The academic publication landscape is complex and moving. Accessing the article you need should be simple, but often proves harder than expected. Here are some tips and tools which can help you on a daily basis.
First, check whether the Graduate Institute Library has a subscription
Google Scholar is an excellent tool to discover and locate new resources. If you are on-site or use the VPN, it will even show links to our subscribed resources on the right of the results. But Scholar is not perfect, and it can lead you to the wrong provider, especially for e-books. When looking for these, you should rather search Swisscovery.
To check whether our library subscribes to a specific journal, you can also check Swisscovery. Go to the advanced search page, select “Title” and “is exact” in the drop-down menu, “Journals” in the “Material Type” option on the right, and enter the title of the journal. Click on the green “Available online” link. Once on the journal page, select the year and the issue you need. Please note that our collection does not necessarily cover all the publication years for journals.
Do not forget to activate the VPN!
You already know that you can access the journals we have subscribed to if you are on the Institute’s premises. Most of our subscriptions are IP-based, so you will not require a password on their sites. If you are a member of the Graduate Institute community, you can also access our electronic resources away from the Institute by using our VPN.
We still have paper collections
Do not forget that printed journals still exist! When we do not have access to the electronic version, we sometimes still have the printed edition in our collection. In this case, you will see the mention “Check holdings” with a call number. Make sure we have the volume you need and visit our journals collection in the compactus room accessible to all patrons on level 1.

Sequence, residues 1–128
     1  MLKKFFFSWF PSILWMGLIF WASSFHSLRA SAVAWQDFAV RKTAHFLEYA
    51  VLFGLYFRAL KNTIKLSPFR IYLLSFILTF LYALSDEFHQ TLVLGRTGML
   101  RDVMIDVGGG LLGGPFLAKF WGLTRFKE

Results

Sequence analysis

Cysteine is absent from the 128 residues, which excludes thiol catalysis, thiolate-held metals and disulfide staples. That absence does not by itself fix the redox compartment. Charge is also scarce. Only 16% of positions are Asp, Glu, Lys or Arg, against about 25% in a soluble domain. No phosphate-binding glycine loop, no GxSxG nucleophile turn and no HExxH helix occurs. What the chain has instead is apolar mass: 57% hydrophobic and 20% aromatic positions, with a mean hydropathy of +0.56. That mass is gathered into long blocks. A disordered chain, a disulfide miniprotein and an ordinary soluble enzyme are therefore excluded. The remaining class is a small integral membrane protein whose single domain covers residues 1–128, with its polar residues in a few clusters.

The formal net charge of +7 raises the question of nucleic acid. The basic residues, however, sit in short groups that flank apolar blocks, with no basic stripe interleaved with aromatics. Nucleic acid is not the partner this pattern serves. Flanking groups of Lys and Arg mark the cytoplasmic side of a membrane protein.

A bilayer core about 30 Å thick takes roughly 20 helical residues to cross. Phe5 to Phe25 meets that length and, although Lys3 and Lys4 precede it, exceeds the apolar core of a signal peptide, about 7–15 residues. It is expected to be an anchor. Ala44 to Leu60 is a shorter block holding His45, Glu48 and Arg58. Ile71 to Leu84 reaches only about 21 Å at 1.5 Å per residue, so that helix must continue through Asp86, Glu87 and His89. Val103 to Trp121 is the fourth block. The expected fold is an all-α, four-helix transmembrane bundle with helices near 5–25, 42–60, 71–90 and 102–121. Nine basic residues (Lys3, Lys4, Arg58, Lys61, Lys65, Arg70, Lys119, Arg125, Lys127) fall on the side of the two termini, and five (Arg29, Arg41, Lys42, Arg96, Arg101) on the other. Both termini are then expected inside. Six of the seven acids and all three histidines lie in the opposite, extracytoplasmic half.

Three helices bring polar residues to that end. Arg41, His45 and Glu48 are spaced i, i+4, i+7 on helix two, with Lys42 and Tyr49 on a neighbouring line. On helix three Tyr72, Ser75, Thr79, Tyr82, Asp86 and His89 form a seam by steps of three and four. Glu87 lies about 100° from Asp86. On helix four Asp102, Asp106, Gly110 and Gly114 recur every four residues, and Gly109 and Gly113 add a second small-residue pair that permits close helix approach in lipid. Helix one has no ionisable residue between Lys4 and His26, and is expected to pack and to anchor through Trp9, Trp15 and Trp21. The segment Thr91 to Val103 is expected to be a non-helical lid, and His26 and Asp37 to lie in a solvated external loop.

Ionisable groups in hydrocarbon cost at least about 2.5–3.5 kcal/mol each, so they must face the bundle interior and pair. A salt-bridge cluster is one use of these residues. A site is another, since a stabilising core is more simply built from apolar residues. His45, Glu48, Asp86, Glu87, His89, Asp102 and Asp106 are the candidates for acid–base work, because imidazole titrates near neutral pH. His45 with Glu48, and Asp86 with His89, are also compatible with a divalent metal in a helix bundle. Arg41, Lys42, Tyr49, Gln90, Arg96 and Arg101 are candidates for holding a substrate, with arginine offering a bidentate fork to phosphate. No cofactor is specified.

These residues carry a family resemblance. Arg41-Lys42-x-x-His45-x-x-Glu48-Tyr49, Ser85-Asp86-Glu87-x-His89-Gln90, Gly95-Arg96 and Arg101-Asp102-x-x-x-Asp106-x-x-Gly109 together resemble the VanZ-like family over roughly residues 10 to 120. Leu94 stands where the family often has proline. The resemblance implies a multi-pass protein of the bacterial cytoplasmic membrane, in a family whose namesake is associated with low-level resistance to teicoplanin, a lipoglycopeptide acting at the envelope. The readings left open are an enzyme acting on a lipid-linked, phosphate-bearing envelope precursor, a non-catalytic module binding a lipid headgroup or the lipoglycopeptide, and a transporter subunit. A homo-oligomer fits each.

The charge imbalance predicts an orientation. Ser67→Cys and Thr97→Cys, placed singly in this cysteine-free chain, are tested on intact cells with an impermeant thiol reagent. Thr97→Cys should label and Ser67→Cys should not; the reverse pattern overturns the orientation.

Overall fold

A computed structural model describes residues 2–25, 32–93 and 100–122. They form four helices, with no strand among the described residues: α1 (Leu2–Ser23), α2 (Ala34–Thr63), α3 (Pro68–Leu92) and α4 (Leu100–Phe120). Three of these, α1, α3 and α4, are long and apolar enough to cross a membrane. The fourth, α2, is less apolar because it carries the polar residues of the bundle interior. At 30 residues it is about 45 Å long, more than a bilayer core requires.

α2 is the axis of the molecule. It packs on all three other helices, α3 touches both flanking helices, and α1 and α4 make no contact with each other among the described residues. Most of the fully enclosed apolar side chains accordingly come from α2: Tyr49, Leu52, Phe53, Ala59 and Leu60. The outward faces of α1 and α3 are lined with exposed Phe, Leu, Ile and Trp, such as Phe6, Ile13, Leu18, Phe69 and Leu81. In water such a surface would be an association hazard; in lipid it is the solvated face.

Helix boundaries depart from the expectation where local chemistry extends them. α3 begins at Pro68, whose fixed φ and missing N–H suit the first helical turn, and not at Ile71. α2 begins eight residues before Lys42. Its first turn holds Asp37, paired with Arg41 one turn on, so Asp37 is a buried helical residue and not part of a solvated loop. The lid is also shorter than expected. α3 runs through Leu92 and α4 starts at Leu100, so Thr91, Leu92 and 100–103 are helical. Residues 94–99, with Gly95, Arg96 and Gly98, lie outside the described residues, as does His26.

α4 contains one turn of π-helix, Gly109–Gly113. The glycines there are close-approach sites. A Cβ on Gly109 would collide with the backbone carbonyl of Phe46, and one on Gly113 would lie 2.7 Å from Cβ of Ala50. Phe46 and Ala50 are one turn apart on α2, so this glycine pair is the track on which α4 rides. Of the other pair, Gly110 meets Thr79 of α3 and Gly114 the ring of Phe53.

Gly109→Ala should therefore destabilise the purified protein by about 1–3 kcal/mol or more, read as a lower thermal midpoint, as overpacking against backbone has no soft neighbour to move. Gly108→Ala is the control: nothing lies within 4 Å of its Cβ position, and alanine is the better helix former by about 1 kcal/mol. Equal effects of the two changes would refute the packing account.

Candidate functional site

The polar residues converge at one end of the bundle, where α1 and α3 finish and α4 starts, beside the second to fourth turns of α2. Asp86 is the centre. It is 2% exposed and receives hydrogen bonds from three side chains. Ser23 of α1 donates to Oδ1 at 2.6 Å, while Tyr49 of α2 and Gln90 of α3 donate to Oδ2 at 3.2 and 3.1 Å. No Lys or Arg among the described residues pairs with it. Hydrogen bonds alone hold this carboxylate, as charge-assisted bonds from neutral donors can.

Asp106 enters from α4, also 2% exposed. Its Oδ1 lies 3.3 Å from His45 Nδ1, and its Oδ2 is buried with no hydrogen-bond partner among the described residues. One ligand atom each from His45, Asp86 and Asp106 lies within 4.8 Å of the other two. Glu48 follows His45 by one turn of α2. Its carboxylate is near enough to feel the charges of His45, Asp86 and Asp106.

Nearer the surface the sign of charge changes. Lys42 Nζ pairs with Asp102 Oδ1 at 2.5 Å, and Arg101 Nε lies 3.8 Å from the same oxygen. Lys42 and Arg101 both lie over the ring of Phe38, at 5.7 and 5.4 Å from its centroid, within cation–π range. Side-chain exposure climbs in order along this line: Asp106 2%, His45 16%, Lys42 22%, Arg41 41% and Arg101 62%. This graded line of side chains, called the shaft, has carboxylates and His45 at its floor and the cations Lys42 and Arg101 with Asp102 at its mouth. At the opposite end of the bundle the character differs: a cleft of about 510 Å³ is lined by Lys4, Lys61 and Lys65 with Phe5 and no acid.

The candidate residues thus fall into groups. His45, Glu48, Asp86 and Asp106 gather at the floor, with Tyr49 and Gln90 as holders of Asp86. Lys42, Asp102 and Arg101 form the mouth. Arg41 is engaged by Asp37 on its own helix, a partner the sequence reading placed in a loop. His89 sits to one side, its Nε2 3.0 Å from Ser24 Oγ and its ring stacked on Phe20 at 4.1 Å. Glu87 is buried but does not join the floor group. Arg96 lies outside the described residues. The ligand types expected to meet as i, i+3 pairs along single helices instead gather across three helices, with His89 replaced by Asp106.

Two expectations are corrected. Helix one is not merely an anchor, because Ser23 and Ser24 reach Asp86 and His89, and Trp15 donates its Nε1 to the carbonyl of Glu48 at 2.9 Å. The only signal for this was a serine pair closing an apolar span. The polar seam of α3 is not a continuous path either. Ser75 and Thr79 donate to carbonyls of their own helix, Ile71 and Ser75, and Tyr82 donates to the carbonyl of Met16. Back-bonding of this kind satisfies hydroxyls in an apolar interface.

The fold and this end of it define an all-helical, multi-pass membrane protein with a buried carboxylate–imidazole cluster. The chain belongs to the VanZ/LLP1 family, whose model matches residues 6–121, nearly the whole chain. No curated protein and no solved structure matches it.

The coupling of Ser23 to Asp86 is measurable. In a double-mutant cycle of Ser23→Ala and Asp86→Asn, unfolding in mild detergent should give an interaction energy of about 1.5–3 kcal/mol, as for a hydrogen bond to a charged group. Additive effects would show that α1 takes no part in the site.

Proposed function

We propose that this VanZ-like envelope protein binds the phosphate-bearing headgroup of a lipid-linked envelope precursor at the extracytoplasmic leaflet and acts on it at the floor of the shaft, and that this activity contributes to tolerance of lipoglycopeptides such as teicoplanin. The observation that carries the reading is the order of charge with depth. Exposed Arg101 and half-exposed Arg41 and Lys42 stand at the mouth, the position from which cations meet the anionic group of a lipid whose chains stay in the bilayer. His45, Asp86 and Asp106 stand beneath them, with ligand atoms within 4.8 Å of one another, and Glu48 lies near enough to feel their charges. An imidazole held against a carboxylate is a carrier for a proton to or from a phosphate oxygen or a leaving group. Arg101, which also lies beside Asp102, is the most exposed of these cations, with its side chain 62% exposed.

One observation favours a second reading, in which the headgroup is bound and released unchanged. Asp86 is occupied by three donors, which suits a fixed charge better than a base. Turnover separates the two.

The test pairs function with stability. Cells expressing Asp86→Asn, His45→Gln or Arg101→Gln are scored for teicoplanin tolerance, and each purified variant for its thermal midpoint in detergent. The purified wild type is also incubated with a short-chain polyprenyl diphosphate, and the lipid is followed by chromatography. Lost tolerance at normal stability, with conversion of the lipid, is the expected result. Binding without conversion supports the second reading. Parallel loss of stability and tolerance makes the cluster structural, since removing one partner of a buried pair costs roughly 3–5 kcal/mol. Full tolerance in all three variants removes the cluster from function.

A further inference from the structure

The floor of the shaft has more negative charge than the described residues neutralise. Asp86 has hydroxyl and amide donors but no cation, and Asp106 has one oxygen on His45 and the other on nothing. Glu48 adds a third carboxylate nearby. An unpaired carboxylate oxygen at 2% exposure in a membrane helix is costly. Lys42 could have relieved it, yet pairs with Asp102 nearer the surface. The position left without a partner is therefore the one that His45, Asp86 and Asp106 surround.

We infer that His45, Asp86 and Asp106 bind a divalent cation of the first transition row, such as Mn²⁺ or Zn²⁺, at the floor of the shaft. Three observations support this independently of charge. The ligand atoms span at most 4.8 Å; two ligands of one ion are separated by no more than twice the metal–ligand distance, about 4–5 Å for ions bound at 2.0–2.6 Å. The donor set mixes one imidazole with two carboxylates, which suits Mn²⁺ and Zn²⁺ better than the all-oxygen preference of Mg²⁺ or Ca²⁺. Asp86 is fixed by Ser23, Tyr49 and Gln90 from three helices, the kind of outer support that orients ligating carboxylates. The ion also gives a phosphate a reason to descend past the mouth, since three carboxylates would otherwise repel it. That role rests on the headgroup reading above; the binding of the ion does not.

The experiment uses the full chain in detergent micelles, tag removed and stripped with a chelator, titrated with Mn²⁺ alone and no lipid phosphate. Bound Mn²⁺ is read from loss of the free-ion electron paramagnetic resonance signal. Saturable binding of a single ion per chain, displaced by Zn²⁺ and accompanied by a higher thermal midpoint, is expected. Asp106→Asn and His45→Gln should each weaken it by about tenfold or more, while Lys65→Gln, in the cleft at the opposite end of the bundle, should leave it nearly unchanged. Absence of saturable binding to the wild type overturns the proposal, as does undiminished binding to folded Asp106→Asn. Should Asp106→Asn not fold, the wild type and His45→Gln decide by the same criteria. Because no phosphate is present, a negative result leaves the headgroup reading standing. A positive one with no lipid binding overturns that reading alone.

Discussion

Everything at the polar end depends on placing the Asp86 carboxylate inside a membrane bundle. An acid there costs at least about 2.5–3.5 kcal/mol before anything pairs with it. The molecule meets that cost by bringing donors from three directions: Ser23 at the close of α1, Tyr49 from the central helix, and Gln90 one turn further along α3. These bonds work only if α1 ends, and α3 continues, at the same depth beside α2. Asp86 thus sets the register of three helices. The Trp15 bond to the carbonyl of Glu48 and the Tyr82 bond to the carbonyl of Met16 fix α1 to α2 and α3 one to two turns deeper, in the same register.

What if the library does not have a subscription?
If we do not have a subscription, there are still options you can work with.
Search for an open access version
Even if an article is paywalled, authors can legally upload the accepted manuscript (AAM or post-print) to a repository, generally with an embargo period of 18 or 24 months, and sometimes earlier than that. The AAM is the full text of the article, without the journal’s layout.
Several tools have been developed to help readers to find post-prints, including Unpaywall, the Open Access Button, or Endnote Click. There are also specific search platforms for open access articles, which our open access libguide presents in detail.
Our interlibrary loan service allows you to get articles that are not accessible through our library and other libraries in Geneva. You will receive a paper photocopy of the article which you can keep. This service is free for members of the Graduate Institute community.
- Try contacting the author(s) (find their email on their university website, or contact them on an academic social network such as Twitter, ResearchGate or Academia) and ask if they can send you the article.
- Use the #ICanHazPDF hashtag on Twitter.
- Finally, you can also check out SciHub. This pirate website’s distribution of copyrighted articles is illegal, but using it to download documents for private use is legal under Swiss law, even if they have been unlawfully made available. “Private use” includes reading and citing the documents for research. It is still illegal to further distribute these documents to other people.
Do not forget that our team can help you! Send a message to our online reference service, firstname.lastname@example.org, or visit us at the reference desk from Monday to Friday, 10 a.m., to 6 p.m. We will do our best to give you access to the resources you need.
Illustration: Old keys, by Ylanite Koppens (CC0)